A. What are the current and future prospects for second-generation biofuel and negative emission technologies in the Netherlands? What are the corresponding scientific, technological and economic challenges? How will future technologies improve and maximize the sustainable use of biomass compared to current biofuels production, distribution, and consumption?

B. What are plausible and sustainable future visions for  the introduction, regulation and governance of second-generation biofuels in the Netherlands that may also require biomass in combination with carbon capture and storage for negative emissions (BECCS)?

C. What strategies can be implemented for responsible and sustainable innovation in this domain as part of a broad strategy of biomass use in the Netherlands to achieve the sustainable visions in line with the Dutch commitment to the Paris Agreement?

2. Subsurface Resources for Negative Emissions (SRNE)

A. What are the current and future capabilities of subsurface carbon trapping, energy storage and subsurface catalytic/chemical processing in the Netherlands, what are the corresponding economic, legal, and governance drivers, and how sustainable are current practices?

B. What are plausible and sustainable future visions for such subsurface activities and their corresponding economic, legal, and governance drivers in the Netherlands (in line with the Paris climate agreement)?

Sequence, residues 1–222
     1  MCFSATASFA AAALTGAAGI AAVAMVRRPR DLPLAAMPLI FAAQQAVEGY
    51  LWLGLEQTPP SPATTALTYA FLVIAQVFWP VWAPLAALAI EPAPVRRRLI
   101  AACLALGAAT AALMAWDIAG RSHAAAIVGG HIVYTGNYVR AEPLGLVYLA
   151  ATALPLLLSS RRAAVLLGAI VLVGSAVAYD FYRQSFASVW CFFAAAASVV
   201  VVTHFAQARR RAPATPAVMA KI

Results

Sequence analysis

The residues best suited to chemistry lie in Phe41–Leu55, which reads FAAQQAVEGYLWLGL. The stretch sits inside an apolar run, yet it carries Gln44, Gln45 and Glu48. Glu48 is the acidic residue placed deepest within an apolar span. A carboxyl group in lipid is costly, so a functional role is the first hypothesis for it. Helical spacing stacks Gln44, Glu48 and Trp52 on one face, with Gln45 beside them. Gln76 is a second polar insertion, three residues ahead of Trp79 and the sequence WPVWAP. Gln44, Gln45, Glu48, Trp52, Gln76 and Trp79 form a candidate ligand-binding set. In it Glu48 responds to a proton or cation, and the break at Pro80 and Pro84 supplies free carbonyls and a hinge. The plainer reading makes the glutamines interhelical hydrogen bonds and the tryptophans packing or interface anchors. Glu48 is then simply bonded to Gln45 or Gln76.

C. What strategies can be implemented for responsible and sustainable innovation, i.e., for transformative use of the subsurface for carbon trapping, energy storage and industrial processing to help achieve the Dutch commitment to the Paris Agreement?

3. Industry in Transition (IiT)

A. What is the current state of industry in the Netherlands regarding energy use and greenhouse gas emissions as well as economic, legal, and governance drivers?

B. What are plausible and sustainable visions that set the Dutch industry on a pathway to radically reduced and ultimately negative emissions based on implementation of existing and technologies, including those explored under research lines 1 and 2?

C. What are the corresponding economic, legal, and governance drivers?

D. What are strategies to transition the Dutch industry to achieve the sustainable visions in line with the Dutch commitment to the Paris agreement?

Transdisciplinary approaches

The hub brings together a broad spectrum of disciplinary expertise with system-analytical and transformational knowledge of researchers at Utrecht University and works closely together with stakeholders from industry, government and civil society. Researchers’ academic disciplines span renewable energy systems, physics, chemistry, geology, climate policy, innovation studies, governance, economics and law work together in a transdisciplinary research process with partners.

The hub will explore novel ways to share, validate, and co-create knowledge using transdisciplinary approaches. It intends to look across sectoral and often ‘siloed’ energy technologies within specific industrial settings in the Netherlands. The results will also be relevant for industry transitions globally.